There’s also the question of peripherals and displays. If you own a nice gaming keyboard, mouse, and 4K monitor, that’s going to push you towards the PC side of the equation. If you’ve already bought a 4K HDR TV, you may not be interested in buying a separate monitor. Conversely, if you’ve already got a really nice monitor, you might not want to buy an expensive 4K TV.
If you have a bunch of friends who already own Xbox Ones or PS4s, then paying a monthly fee for online services may not seem that significant, especially when you can get gift cards that reduce the cost. If you’re looking at this question from the PC side, where non-MMOs tend to be free (and even most MMOs have adopted an F2P model), then you may feel differently.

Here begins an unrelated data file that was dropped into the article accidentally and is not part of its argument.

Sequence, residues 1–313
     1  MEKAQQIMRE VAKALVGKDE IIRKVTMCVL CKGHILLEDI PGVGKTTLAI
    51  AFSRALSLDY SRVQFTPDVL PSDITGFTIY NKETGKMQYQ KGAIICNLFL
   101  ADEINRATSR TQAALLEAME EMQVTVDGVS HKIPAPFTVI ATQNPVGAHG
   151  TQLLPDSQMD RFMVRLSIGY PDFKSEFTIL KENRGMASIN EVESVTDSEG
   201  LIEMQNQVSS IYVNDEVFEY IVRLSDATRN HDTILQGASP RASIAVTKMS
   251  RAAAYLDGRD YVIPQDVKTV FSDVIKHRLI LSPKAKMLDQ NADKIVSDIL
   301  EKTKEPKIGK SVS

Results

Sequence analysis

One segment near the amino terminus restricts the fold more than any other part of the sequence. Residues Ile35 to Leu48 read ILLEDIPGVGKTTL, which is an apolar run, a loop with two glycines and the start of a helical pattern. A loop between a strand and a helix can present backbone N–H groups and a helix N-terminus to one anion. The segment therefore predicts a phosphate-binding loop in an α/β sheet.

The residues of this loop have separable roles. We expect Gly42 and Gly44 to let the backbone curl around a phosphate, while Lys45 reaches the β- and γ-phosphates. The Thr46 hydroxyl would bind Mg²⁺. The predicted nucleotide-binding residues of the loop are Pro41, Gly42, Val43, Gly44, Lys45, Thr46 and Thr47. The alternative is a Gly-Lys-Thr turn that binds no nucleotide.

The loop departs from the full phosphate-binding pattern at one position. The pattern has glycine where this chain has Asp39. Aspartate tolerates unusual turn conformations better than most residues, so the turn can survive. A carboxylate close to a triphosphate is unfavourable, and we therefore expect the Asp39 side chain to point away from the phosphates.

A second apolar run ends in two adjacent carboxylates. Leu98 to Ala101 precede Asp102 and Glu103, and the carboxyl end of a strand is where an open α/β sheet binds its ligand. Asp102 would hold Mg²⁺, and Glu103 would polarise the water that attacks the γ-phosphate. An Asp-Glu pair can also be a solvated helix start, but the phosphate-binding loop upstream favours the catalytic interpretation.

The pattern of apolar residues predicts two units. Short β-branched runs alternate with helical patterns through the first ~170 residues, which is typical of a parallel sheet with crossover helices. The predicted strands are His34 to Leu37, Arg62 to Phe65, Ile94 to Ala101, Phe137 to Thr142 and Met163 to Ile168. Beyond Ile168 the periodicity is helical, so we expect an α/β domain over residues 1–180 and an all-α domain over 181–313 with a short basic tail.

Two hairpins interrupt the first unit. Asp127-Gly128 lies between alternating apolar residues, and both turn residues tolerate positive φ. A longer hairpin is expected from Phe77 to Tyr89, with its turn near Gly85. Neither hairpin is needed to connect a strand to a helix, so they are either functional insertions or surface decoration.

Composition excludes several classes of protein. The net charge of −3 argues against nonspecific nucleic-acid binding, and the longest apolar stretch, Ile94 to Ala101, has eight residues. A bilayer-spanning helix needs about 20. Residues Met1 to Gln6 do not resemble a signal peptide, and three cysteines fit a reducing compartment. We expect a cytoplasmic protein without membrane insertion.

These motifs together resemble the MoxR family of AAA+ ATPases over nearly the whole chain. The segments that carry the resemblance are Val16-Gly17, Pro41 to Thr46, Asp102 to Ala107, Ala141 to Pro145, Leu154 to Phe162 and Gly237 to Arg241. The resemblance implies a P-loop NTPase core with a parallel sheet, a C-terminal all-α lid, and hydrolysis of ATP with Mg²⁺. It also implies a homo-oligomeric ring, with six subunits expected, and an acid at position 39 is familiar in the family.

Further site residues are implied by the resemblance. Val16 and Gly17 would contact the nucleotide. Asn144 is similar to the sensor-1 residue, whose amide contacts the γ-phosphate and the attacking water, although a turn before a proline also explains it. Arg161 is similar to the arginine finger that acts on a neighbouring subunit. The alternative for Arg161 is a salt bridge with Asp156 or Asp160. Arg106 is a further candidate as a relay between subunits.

In short, there’s always going to be specific and particular factors that can tilt a gamer towards consoles or towards PCs. I’m not going to pretend that we can answer those questions just by comparing PC and console pricing.
The next topic I want to address is the question of how we compare PCs with consoles. Thanks to sheer size, Microsoft can get deals on Xbox One X components that you and I simply can’t touch buying from Newegg or Amazon. Part of what complicates this is that Microsoft isn’t making any money on the Xbox One X, which means there’s no markup on the parts. Remember, our goal here is to hit the same overall visual quality and frame rate that the Xbox One X is expected to offer. That means needing higher-end components than what it takes to deliver 1080p.
For my first PC-versus-console comparison, I specced out a PC that would duplicate all the capabilities of the Xbox One, except for UHD Blu-ray playback. While this first build contains a Blu-ray optical drive, UHD Blu-ray drives for PCs are still extremely expensive. All prices are current as of 6/18/2017 and were sourced from Newegg.